bibamus, moriendum est
    Sipology Blog

  3. #3
    Guru
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    May 2006
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    Napoleon, MI
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    7,282

    Re: Curb Your Enthusiasm

    This new wave of micro distilling reminds of all the bad starchy-yeast beer that beer snobs used to lie to themselves about.
    ovh

  4. #4
    Disciple
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    Jan 2009
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    NE OH
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    1,781

    Re: Curb Your Enthusiasm

    I'm glad this is happening but I'm only sporadically interested in supporting it.

    Most micros seem to run $45+ and sometimes that's only for a 375ml. There are too many really good products out there I like in the $50 range that I know I like for me to take a gamble on an entire bottle of the micros.
    ~Robert BTOTY #2 2009

    GBS Member - 2011 Indoctrination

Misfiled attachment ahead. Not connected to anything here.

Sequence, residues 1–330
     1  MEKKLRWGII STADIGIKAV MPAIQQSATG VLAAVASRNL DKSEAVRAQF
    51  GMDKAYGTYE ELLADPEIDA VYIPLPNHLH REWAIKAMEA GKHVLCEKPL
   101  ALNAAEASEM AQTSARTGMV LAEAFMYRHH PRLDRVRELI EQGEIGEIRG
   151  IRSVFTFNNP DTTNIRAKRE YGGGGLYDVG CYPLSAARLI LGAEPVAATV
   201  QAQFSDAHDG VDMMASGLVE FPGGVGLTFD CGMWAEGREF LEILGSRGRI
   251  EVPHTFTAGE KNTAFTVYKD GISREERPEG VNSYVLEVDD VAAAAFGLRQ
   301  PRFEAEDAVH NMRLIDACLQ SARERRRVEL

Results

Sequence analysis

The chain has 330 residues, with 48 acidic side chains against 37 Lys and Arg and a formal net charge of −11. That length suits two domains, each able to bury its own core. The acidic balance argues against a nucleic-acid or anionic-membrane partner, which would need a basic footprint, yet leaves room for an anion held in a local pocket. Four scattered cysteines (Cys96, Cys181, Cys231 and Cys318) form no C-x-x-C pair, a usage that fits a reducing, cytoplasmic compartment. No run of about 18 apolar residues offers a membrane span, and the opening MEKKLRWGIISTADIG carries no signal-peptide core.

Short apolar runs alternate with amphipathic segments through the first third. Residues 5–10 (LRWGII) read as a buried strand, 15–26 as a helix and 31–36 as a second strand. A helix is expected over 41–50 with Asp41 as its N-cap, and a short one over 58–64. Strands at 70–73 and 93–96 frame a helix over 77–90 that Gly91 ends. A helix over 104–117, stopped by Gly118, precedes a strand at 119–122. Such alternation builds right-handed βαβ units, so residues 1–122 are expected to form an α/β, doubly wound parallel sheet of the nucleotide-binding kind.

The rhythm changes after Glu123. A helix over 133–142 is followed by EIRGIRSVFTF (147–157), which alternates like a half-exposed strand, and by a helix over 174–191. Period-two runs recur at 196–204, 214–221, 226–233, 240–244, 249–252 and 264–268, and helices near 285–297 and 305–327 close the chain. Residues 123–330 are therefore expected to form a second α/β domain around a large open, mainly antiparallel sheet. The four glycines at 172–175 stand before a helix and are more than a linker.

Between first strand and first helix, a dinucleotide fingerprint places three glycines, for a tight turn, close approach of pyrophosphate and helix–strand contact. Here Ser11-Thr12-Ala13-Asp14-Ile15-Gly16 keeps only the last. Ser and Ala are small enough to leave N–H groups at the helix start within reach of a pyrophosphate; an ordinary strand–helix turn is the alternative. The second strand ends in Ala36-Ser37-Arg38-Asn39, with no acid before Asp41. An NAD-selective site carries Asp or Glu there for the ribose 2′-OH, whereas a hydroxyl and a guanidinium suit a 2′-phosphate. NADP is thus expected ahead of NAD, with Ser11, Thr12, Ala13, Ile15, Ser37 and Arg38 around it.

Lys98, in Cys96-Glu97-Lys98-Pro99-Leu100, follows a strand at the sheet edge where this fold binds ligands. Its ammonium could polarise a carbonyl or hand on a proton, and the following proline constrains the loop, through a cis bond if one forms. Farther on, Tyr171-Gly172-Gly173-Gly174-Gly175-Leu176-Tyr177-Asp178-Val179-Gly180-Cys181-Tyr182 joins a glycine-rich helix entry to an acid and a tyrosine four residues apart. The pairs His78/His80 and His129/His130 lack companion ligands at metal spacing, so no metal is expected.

5. #5
    Advanced Taster
    Join Date
    Dec 2006
    Posts
    224

    Re: Curb Your Enthusiasm

    The only micro I have had a chance to try was "Stranahan's Colorado Whiskey." I am happy I tried it, but I wouldn't buy another bottle. I had to force that one down. I guess some people are expecting the micro-distilleries to be closer to the micro-breweries, but there are considerable differences. Beer can be made in weeks vs years (and you can perfect your brew at home before you even start up your business), and the major distilleries already put out a huge range of quality products; with beer, you just don't have that. Maybe in 10-15 years when the micro distilleries really have a chance to age and learn, we might start seeing some really good micro whiskies. For now, I don't think the price reflects the quality by any means.